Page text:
5 Million Farmers Locked In Lawsuit Against Monsanto
June 22nd, 2013
byÂ Tim Brown
The US-based biotech giant Monsanto is locked in a lawsuit with five million Brazilian farmers, suing for as much as 7.7 billion US dollars (6.2 billion euros). Anthony Gucciardi points out that research indicates that Monsanto is responsible for farmer suicides at a rate of one every 30 minutes. However, just like those farming regions that became known as the âsuicide belt,â this lawsuit against Monsanto is due to the company reportedly taxing the farmers to financial shambles with ridiculous royalty charges.
The farmers claim that Monsanto unfairly collects exorbitant profits every year worldwide on royalties from ârenewalâ seed harvests. âRenewalâ crops are those that have been planted using seed from the previous yearâs harvest. While the practice of renewal farming is an ancient one, Monsanto disagrees, demanding royalties from any crop generation produced from its genetically-engineered seed. Because the engineered seed is patented, Monsanto not only charges an initial royalty on the sale of the crop produced, but a continuing 2 per cent royalty on every subsequent crop, even if the farmer is using a later generation of seed.
âMonsanto gets paid when it sell the seeds. The law gives producers the right to multiply the seeds they buy and nowhere in the world is there a requirement to pay (again). Producers are in effect paying a private tax on production,â Jane Berwanger, lawyer for the farmers told the Associated Press reports.
In the latest installment of the legal battle erupting in South America, the Brazilian court has ruled in favor of the Brazilian farmers, saying Monsanto owes them at least US$2 billion paid since 2004. Monsanto, however, has appealed the decision and the case is ongoing.
In essence, Monsanto argues that once a farmer buys their seed, they have to pay the global bio-tech giant a yearly fee in perpetuityÂ â with no way out.
While reusing seeds has been going on since Creation, Monsanto owns a patent for genetically modified seed that can cross pollinate and end up in many farmersâ fields through no fault of their own. Once they begin to sort those seeds out and replant them, they unknowingly are reusing Monsanto seeds. This results in Monsanto charging farmers not only for their original crops, but also for their later harvests as well. Granted, there are some farmers who knowingly reuse the genetically modified seeds and attempt to get out of paying the royalties on them.
In attempts to debunk genetically modified seed myths, Dan Charles points out that Monsanto has, in many cases, âoverreached, engaged in raw intimidation, and made accusations that turned out not to be backed up by evidence.â While he claims that the company asserts that it will pay to remove any of its GMOs from fields where they donât belong, he was unable to cite one source in which the company did so.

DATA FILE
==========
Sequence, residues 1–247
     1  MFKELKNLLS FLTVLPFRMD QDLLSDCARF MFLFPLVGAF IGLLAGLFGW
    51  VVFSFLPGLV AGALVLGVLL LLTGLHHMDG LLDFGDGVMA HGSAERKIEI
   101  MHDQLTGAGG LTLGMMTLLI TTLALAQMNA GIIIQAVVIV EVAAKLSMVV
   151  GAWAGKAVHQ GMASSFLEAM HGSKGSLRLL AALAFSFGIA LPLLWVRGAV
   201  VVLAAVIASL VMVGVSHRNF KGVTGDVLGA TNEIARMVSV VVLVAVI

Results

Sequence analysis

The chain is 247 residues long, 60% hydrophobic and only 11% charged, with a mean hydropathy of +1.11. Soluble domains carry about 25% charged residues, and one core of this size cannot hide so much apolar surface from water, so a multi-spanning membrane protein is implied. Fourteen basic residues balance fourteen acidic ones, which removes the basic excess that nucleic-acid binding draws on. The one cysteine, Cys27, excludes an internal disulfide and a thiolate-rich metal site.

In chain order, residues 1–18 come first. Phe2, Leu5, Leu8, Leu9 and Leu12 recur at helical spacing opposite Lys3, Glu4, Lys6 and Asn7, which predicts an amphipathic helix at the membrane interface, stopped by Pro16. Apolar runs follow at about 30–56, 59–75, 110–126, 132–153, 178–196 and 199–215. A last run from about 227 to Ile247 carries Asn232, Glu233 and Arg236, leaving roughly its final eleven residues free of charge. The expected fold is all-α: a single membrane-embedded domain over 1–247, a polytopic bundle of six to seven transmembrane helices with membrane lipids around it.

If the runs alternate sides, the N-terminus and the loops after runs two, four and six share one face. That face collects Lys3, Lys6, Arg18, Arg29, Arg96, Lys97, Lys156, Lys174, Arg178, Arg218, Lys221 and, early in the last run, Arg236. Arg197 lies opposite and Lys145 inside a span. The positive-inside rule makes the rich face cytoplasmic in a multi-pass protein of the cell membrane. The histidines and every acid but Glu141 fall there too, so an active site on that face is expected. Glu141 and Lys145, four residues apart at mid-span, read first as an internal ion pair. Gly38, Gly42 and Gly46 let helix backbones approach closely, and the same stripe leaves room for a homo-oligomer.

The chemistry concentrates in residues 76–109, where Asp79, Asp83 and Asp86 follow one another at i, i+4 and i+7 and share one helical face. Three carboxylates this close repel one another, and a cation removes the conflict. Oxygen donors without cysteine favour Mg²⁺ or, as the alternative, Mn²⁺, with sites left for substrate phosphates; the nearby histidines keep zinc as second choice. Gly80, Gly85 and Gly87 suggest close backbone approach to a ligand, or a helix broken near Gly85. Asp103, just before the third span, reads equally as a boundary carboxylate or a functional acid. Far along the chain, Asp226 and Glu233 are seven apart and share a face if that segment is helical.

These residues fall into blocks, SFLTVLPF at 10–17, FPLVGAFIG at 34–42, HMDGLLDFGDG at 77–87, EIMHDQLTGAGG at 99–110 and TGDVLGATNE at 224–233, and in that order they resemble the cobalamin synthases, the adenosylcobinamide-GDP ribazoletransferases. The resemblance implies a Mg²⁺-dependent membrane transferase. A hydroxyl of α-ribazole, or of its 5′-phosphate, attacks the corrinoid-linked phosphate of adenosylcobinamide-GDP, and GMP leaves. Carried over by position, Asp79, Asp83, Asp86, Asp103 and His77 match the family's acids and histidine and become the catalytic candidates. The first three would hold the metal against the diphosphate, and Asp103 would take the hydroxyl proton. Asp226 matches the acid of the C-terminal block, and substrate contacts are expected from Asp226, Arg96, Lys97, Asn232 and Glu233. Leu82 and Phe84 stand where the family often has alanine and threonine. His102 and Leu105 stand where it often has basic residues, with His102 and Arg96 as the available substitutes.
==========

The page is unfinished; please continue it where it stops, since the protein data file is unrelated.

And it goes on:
Many farmers in poorer nations have not been able to stand up against Monsanto and have taken to ending their own lives. As the Daily Mail reported back in 2008, there was what was known as the âGM Genocide,â which was responsible for the lives of over 17, 683 Indian farmers in 2009 alone. When these farmers found out their crops were failing and they experienced economic hardships, they began ending their own lives, many times they did so by drinking the very same insecticide that Monsanto provided them with.
Monsanto is not only a giant in the GMO business, but is also the worldâs largest manufacturer of synthetic bovine growth hormone, which is injected into cows in order to stimulate greater milk production. This has also caused many to have health concerns over milk produced by cows that have been injected with these hormones. As recently as 2008, when dairy producers who did not use Monsantoâs products began to label their products as âOrganicâ and âHormone Free,â the GMO giant slapped them with a lawsuit, claiming that those labels were negative advertising against hormone-produced milk. Ya think? Seems like Monsanto doesnât like âtruth in advertising.â
Just so we are clear, Phil Angell, Director of corporate communications for Monsanto, in a 1998 New York Times piece summed up how the company thinks about the safety of its customers. He said:
âMonsanto should not have to vouch for the safety of biotech food. Our interest is in selling as much of it as possible. Assuring its safety is FDAâs job.â
Monsanto has also been ousted in running illegal âslave-likeâ working rings and as a result of that information coming to light another group of farmers filed a lawsuit in April 2012 against the company for âknowingly poisoningâ their workers and causing âdevastating birth defects.â
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